RAID battery-backed cache - necessary? (was: Linux-PowerEdge Digest, Vol 68, Issue 35)

Mann, Andrew amann at ea.com
Wed Feb 10 18:42:09 CST 2010


	If the power fails to the system, or the kernel crashes, the OS level cache will never be written to disk and data may be lost.  In the event of a power failure, the battery backed RAID cache will be written to disk when power is restored.
	This allows processes that like to confirm their data has been stored to disk before moving on (like databases, or even journaling file system writes) to continue once the data has been written to the RAID cache - which completes significantly faster than the physical media can complete the operation.

Andrew

-----Original Message-----
From: linux-poweredge-bounces at dell.com [mailto:linux-poweredge-bounces at dell.com] On Behalf Of Adam Nielsen
Sent: Wednesday, February 10, 2010 7:32 PM
To: linux-poweredge at dell.com
Subject: Re: RAID battery-backed cache - necessary? (was: Linux-PowerEdge Digest, Vol 68, Issue 35)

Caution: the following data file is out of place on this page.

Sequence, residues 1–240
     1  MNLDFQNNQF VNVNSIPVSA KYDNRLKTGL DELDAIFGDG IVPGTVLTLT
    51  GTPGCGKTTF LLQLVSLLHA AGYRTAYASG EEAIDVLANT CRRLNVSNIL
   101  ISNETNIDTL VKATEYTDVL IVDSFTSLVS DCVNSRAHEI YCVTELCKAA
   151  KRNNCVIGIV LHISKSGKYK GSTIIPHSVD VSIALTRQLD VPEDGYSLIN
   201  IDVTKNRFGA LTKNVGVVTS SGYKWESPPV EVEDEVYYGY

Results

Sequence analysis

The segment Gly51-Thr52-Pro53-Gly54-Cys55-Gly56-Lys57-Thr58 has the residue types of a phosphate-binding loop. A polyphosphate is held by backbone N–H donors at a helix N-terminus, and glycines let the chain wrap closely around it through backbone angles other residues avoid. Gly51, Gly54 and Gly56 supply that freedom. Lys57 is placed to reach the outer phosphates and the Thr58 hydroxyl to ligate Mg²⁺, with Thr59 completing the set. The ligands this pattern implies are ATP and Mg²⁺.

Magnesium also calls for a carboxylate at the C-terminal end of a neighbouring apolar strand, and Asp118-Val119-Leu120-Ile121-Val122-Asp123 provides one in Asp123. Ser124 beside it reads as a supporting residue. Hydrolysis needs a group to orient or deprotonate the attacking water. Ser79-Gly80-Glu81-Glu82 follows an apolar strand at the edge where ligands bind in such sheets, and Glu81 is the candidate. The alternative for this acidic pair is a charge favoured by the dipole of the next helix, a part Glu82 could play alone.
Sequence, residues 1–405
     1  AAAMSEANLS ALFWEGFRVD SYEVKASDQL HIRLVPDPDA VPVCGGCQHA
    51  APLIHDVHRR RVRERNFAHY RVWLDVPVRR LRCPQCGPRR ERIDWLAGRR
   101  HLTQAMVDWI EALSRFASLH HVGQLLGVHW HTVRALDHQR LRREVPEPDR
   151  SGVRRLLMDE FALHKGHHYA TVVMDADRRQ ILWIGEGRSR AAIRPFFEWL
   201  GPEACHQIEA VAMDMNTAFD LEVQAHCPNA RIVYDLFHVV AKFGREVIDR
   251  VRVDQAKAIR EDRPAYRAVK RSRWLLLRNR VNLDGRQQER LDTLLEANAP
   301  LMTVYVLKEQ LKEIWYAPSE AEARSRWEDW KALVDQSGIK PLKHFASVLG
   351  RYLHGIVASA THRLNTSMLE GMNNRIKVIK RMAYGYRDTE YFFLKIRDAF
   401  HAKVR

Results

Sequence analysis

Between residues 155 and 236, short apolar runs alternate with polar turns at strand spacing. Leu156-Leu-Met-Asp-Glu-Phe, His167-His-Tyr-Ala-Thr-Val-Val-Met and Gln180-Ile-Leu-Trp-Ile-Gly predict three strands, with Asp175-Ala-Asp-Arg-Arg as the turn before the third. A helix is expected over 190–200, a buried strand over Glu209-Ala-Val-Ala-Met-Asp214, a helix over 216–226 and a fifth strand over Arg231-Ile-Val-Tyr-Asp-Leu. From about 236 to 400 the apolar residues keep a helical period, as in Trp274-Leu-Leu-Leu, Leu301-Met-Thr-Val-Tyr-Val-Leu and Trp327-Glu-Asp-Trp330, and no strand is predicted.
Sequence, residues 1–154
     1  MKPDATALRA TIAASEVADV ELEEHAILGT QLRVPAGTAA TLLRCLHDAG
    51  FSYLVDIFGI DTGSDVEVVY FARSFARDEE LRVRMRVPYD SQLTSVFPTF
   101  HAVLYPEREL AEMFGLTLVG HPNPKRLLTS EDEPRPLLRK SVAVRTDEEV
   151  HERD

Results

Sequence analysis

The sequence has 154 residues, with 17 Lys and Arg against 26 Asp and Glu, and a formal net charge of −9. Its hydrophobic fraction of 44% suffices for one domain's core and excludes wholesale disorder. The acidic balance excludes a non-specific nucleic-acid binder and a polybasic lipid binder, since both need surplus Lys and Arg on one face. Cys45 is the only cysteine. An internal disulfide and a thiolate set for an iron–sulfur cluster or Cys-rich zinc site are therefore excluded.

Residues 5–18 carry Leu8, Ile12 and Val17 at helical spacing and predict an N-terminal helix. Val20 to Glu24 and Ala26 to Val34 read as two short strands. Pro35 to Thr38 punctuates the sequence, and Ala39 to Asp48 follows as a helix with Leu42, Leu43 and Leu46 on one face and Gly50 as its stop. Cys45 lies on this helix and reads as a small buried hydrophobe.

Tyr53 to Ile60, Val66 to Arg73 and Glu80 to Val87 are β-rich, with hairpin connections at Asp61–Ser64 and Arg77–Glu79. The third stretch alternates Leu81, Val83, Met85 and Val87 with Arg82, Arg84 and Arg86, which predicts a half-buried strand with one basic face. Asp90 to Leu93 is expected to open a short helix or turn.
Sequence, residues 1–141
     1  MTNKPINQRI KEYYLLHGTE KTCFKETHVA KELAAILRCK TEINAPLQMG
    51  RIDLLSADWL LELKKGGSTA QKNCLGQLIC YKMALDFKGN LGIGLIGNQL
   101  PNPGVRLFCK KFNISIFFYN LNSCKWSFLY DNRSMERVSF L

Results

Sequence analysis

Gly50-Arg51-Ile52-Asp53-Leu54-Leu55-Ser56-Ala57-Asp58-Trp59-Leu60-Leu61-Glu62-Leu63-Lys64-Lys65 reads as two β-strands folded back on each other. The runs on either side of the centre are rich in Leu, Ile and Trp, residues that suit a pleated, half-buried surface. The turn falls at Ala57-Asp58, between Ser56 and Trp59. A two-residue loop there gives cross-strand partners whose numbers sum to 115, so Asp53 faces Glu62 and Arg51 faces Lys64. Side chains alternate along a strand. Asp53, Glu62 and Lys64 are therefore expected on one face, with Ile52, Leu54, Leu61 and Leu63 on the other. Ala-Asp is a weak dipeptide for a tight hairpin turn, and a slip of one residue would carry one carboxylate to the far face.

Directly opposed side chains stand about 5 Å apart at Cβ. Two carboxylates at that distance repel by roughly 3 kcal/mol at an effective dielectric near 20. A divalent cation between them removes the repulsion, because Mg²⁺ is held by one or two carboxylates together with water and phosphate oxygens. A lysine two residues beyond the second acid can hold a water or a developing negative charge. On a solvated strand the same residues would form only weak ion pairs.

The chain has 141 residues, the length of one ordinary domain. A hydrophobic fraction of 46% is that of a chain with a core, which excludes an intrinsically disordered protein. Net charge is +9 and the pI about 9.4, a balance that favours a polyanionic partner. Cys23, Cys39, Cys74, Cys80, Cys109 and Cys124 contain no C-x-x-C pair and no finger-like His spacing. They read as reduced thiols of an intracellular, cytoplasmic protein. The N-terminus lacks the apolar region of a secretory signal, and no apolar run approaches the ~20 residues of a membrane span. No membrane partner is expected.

This is perhaps off-topic too, but I have always wondered...

> You might also want to look at getting a hardware RAID card or 
> daughterboard like the PERC-6i - these will allow you to set up a 
> RAID-10/50/60 that will stripe all data between two drives, giving you 
> another twofold speed increase. You probably want to make sure that your 
> card has battery backup if you care about your database - otherwise a 
> power cut can lose cached data rather painfully, even if you have a UPS. 
> If you're moderately paranoid, or your data is important, you should 
> disable on-drive write caching, as these never have battery backup - but 
> this will cost you some speed. (This is a software issue, though, and 
> won't affect your purchased configuration.)

I am curious as to why this type of battery-backed cache is important. 
The OS would do a large amount of caching (Linux can have a disk cache 
of many gigabytes) which I am sure would be far more effective than the 
small caches on many RAID cards.

Given that the OS, if configured properly, should provide the best type 
of caching possible, why is it still necessary to have RAID cache and 
on-drive cache?  Surely these would provide no additional benefit?

Anyway, just something I've often wondered about :-)

Cheers,
Adam.

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